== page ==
Sailesh Bolisetti and teammate Phil Glew came second in the first round of British GT 2012 at Oulton Park. It was a thrilling moment for the 23-year-old from Vishakhapatnam, India. That post will be coming soon; once he gets his breath back. For now, here’s his first experience of testing the Lotus Evora GT4, a few weeks ago.
By Sailesh Bolisetti
I had been waiting to get my hands on the Evora GT4 ever since I signed up with the Lotus Sport UK team. I got that chance, finally, after two months of longing and waiting, at the Silverstone circuit on media day, customary in British Motosport.
There it was, in all its glory. But, I would have to share it, of course, with my experiences teammate Phil Glew. That’s what endurance racing is all about – with two drivers alternating driving duties for the same race. Like Le Mans, my dream, just shorter. Phil was the first to take the wheel. Thirty minutes later, it was my turn. There was excitement, fear, curiousity and anticipation all at the same time. I hadn’t touched a racecar in almost five months and now, I was behind the wheel of a hardcore 360bhp beast. But I quickly realised it wasn’t the friendliest place to start, if you’ve only driven front-wheel cars before!
I was completely focused on the out lap. The car was quicker in a straight line; I had never driven anything like this before. The acceleration was brutal and the paddle-operated sequential gearshifts were like gunshots. But the car felt planted and stable. Then came the corner.
In my experience, the logic of racing dictates: brake in a straight line, spot the turn-in point, turn, and start applying the throttle before the apex to maximise corner speed and go full-throttle past the apex. But the Evora was different. I instantly found myself auto crossing in the run-off area. It was enough to put a dent in my confidence. I reduced the intensity of whatever I was doing. I discovered then that it was extremely difficult to apply throttle through the corners without the car pitching sideways in oversteer. Silverstone is all about fast corners and throttle application; I had no clue of the new layout and I was struggling. This car was supposed to have more grip than this! After 10 laps though, I became comfortable with the idea of oversteer and catching it – but braking still felt way off.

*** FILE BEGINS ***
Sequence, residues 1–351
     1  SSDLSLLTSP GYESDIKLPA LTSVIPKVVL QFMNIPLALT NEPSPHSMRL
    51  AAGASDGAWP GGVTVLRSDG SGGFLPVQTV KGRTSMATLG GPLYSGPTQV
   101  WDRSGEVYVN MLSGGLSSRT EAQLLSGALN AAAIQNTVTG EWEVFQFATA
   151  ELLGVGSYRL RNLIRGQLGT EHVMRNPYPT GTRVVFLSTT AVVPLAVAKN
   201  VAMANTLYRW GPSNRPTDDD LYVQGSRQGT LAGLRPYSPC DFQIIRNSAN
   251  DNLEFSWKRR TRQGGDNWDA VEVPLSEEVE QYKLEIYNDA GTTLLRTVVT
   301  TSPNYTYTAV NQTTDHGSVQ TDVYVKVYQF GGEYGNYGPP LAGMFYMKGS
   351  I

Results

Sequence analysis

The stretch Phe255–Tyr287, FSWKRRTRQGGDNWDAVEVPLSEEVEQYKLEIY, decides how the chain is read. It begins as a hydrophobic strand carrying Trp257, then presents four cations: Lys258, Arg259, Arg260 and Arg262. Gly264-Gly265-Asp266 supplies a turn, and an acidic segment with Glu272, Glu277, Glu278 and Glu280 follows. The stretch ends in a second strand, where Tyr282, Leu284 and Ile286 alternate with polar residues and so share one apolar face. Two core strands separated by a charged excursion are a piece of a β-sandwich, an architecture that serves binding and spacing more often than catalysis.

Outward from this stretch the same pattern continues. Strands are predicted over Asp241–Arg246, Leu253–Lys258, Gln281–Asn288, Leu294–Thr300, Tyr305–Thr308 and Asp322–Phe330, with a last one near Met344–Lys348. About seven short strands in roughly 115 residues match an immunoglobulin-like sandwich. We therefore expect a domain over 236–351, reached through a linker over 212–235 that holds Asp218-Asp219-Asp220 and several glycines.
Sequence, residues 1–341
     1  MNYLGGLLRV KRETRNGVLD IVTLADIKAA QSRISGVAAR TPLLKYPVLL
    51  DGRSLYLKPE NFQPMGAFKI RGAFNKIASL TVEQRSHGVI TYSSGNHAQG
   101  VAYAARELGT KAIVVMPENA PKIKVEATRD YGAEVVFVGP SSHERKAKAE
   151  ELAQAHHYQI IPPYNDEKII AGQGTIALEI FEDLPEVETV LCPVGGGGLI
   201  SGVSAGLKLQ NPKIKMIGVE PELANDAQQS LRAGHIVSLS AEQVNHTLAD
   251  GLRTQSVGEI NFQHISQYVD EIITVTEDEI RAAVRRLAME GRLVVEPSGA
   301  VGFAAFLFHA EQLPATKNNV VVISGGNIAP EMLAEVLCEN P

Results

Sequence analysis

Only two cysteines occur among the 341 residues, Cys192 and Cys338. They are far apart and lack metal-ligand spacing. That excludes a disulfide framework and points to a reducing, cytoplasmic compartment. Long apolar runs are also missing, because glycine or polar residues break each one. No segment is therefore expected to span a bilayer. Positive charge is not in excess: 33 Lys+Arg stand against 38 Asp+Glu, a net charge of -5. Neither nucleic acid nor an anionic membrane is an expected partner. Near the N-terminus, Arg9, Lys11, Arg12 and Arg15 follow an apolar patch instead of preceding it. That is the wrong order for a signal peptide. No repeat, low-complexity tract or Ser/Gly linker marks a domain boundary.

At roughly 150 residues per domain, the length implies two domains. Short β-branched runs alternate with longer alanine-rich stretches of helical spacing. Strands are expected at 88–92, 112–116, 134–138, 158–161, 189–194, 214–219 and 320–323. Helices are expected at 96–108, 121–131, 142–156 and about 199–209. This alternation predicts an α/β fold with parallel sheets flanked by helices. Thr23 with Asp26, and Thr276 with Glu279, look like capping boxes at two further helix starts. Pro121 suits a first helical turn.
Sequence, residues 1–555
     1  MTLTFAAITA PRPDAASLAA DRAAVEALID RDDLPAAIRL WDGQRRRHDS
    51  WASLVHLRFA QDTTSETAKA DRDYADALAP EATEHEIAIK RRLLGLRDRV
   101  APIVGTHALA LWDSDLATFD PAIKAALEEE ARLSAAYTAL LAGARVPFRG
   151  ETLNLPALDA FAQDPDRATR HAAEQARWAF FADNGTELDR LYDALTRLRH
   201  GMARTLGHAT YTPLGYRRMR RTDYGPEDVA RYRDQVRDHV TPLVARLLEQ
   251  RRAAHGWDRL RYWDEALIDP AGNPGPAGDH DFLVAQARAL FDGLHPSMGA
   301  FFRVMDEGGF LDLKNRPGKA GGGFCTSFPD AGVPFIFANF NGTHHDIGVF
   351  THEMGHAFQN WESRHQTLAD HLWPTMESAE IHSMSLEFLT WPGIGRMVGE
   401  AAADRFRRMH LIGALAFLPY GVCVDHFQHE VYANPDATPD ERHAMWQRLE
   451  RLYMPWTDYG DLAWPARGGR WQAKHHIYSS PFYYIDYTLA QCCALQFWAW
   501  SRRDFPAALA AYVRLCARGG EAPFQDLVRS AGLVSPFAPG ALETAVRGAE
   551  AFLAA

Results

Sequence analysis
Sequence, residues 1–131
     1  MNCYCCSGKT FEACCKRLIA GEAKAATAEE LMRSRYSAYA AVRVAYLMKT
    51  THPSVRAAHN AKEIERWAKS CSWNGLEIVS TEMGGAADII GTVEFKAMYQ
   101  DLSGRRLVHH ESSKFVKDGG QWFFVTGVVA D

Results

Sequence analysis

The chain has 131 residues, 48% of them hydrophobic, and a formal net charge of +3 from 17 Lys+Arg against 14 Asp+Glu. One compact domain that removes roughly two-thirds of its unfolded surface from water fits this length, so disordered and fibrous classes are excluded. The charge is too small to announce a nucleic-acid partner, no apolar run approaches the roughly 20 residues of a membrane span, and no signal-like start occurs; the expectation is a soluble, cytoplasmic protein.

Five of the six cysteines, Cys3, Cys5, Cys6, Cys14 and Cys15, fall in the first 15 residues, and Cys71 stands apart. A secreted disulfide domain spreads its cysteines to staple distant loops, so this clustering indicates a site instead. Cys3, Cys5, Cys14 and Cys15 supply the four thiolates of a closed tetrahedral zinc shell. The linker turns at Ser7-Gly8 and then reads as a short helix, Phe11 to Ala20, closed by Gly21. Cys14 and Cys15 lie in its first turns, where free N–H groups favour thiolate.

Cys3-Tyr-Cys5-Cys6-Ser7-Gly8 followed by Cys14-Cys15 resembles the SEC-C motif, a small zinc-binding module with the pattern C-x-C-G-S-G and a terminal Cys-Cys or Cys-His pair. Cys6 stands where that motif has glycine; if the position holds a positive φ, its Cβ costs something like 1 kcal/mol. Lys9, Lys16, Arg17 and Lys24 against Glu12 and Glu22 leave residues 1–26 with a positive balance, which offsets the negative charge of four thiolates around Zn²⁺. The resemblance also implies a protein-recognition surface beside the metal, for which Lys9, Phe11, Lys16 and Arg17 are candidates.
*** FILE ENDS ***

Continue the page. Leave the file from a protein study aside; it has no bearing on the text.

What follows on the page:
The next day, it was time to hit Oulton Park, about 200km from Silverstone. We sorted out some of the alignment issues we had from the previous day and then we were good to go. As always, Phil took to the track to set a benchmark. My job was to then get as close as possible. I was prepared now. Before I got behind the wheel, Phil and I did a track walk, just not on foot. He gave me pointers on braking, turn-ins, so I was a little more clued into the circuit.
But I was taken aback. Everything – braking, turn-in and throttle application – was different from what I had learnt in all these years driving FWDs. I had tried to adapt my ingrained techniques into what was a different style of driving. Unlike my counterparts, I’ve never stepped into a single-seater, so I had no clue about the relationship between the throttle and rear wheels. The rule of baking in a straight line also didn’t apply. Instead, I needed to brake into the corner, and then carrying more speed into the corner. I was doing the complete opposite.
I had to make a radical shift in my driving style. But the result was instant. The car suddenly felt more stable and felt like it had five times the grip I had at Silverstone. I was enjoying myself now and edging closer to Phil’s times.
The team was surprised. They had expected that, given my FWD background, I would take more time getting up to speed. I learned a lot and there is still a long way to go. But the team is incredibly supportive and friendly. The car’s also a second quicker than last year, so we will be more competitive this season!
Next: Race Day Oulton Park